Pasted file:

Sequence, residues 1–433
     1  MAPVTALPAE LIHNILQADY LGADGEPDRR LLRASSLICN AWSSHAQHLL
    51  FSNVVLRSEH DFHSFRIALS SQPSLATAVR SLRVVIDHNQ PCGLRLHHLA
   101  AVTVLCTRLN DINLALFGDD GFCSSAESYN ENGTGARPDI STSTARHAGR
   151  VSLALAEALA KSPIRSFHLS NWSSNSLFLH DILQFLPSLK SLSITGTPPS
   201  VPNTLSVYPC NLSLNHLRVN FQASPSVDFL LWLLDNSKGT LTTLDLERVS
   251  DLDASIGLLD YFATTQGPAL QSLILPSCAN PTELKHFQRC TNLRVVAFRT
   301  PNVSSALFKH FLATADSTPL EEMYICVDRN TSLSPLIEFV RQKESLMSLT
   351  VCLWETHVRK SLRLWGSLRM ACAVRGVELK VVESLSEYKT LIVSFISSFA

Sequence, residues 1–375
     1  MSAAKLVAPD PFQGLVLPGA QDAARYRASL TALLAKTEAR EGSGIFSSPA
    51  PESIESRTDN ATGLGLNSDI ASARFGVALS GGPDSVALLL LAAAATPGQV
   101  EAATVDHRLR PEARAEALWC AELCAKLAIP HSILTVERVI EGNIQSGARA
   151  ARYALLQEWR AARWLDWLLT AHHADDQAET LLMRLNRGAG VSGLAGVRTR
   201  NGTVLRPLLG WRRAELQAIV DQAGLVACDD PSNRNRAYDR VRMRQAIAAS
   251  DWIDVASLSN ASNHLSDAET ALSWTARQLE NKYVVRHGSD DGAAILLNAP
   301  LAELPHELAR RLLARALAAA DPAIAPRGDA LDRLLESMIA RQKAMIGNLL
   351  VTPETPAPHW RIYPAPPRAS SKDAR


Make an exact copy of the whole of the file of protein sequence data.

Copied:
Sequence, residues 1–433
     1  MAPVTALPAE LIHNILQADY LGADGEPDRR LLRASSLICN AWSSHAQHLL
    51  FSNVVLRSEH DFHSFRIALS SQPSLATAVR SLRVVIDHNQ PCGLRLHHLA
   101  AVTVLCTRLN DINLALFGDD GFCSSAESYN ENGTGARPDI STSTARHAGR
   151  VSLALAEALA KSPIRSFHLS NWSSNSLFLH DILQFLPSLK SLSITGTPPS
   201  VPNTLSVYPC NLSLNHLRVN FQASPSVDFL LWLLDNSKGT LTTLDLERVS
   251  DLDASIGLLD YFATTQGPAL QSLILPSCAN PTELKHFQRC TNLRVVAFRT
   301  PNVSSALFKH FLATADSTPL EEMYICVDRN TSLSPLIEFV RQKESLMSLT
   351  VCLWETHVRK SLRLWGSLRM ACAVRGVELK VVESLSEYKT LIVSFISSFA

Sequence, residues 1–375
     1  MSAAKLVAPD PFQGLVLPGA QDAARYRASL TALLAKTEAR EGSGIFSSPA
    51  PESIESRTDN ATGLGLNSDI ASARFGVALS GGPDSVALLL LAAAATPGQV
   101  EAATVDHRLR PEARAEALWC AELCAKLAIP HSILTVERVI EGNIQSGARA
   151  ARYALLQEWR AARWLDWLLT AHHADDQAET LLMRLNRGAG VSGLAGVRTR
   201  NGTVLRPLLG WRRAELQAIV DQAGLVACDD PSNRNRAYDR VRMRQAIAAS
   251  DWIDVASLSN ASNHLSDAET ALSWTARQLE NKYVVRHGSD DGAAILLNAP
   301  LAELPHELAR RLLARALAAA DPAIAPRGDA LDRLLESMIA RQKAMIGNLL
   351  VTPETPAPHW RIYPAPPRAS SKDAR